Psychological Tests have a Role, but May be Misleading and Inappropriate for Certain Populations
In the context of parole evaluations, the reliability of the MMPI-2 is questionable. The MMPI-2 should not and cannot be accurately determine the ultimate questions of whether an individual will commit a crime if paroled or whether an individual will comply with conditions of parole. The MMPI-2 was never intended to predict violence, never intended to determine suitability for parole, and never intended to predict if a person might commit a crime.
Computer Generated Narrative Reports Should be Challenged
If the MMPI products are used in a forensic setting, the computer-generated narrative reports should not be the sole basis of an opinion. Any fair, professional, and ethical evaluation should take into consideration and make honest and careful adjustments for the subject’s factual context and account for the fact that knowledge of the forensic purpose of the test may skew the results and reduce the reliability of the instrument.
In many instances, if administered and interpreted properly, the MMPI products may be legitimately used as one component of a forensic evaluation. However, if certain scales, for example, paranoia, depression, psychopathic deviate, etc., are relied upon to prove some form of pathology, or the administrator concludes that the subject has an “idealized personality,” the test results should be scrutinized and challenged. Such results may not be the result of pathology, but rather the context of the administration, the life situation of the subject, and the interpretation by the computer and/or evaluator.
The Use of Answers to Specific Questions (Raw Data) May be Misused and Should be Challenged
In those instances where conclusions are drawn about “pathology,” obtaining and independently evaluating the “raw data,” may be critical in challenging the efficacy of the administration of the test and in evaluating the credibility of the evaluator’s conclusions. Attorneys should not blindly accept the results of an MMPI products in the forensic legal context. With any negative MMPI result, counsel should consider retaining an expert to review and re-score the raw data. Negative or pathological results should be carefully evaluated within the context of the subject’s life and legal situation. No counsel should permit a negative or “pathological” MMPI report to go unquestioned and unchallenged.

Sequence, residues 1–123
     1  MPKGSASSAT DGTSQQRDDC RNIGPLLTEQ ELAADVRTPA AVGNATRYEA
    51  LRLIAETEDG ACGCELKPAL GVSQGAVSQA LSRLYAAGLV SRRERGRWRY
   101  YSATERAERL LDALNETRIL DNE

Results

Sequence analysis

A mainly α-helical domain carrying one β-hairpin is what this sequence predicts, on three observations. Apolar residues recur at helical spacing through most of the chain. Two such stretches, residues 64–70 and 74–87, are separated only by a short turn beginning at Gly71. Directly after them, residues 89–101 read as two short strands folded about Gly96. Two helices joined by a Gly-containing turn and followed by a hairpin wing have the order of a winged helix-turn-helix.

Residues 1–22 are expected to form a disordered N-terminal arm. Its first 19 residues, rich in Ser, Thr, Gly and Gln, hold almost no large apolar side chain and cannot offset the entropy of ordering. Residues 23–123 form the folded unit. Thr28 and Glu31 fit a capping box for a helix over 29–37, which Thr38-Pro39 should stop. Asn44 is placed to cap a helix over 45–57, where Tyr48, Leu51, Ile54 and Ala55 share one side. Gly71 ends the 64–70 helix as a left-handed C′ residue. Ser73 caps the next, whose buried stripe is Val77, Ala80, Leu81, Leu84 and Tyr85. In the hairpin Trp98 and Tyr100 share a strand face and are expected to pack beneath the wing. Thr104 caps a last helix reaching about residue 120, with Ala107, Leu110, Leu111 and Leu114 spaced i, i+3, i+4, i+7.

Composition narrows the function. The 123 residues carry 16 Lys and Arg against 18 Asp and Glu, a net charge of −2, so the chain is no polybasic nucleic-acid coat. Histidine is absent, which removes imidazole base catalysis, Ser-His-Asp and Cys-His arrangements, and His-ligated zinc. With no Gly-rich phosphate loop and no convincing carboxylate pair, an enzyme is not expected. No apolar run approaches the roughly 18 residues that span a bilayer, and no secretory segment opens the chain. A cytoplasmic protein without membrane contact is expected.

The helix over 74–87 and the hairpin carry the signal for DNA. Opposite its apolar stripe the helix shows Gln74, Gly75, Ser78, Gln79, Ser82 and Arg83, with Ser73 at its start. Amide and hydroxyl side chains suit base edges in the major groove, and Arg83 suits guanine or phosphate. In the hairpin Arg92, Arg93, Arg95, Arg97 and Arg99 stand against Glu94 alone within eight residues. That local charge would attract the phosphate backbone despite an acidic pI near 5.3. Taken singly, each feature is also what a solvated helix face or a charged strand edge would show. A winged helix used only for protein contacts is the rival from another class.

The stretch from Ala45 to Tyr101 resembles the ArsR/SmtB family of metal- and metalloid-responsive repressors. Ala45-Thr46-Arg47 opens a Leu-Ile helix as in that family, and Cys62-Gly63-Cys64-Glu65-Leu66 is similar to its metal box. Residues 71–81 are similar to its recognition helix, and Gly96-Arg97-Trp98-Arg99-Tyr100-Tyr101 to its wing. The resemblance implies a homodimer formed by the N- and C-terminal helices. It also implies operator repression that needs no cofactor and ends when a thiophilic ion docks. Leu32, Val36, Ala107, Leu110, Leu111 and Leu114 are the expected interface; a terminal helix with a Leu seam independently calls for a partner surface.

Each Version of the MMPI Should be Evaluated and Challenged on its Own Merits
It should also be noted that the MMPI-2 was revised in the form of the MMPI-2-RF (Restructured Form,” published in 2008), which is a shorter testing instrument with only 338 items as opposed to 567 items. It is important to know which testing instrument was used, the context in which it was administered, and a careful review of the testing manual for each instrument that was used.
Where to Begin a Challenge to the MMPI Products
Any challenge to the MMPI-3 and MMPI-2-RF will have to begin with a close examination of the MMPI-3 and MMPI-2-RF Technical Manuals. Reviews of “peer review” articles should also be scrutinized with an eye towards conflicts of interests presented by the reviewer, whether the reviewer has any relationship with the publisher or whether the reviewer receives any royalties on the sales of any testing instrument. Any analysis of the efficacy or the MMPI-3 or the MMPI-2-RF in a forensic litigation setting and a specific “comparison group” will have to be the subject of a separate evaluation and is beyond the scope of this article.
Our criminal defense and parole lawyers at Lyons & Associates, P.C. will vigorously defend you as you go through the criminal justice and parole process. Call us at 908-575-9777 or contact us online today to schedule a free consultation. We have offices located in Somerville and Morristown, New Jersey, and represent clients throughout New Jersey including, but not limited to, clients throughout Somerset County, Morris County, Middlesex County, Union County, Essex County, Bergen County, Hunterdon County, Warren County, Sussex County, Passaic County, and Monmouth County.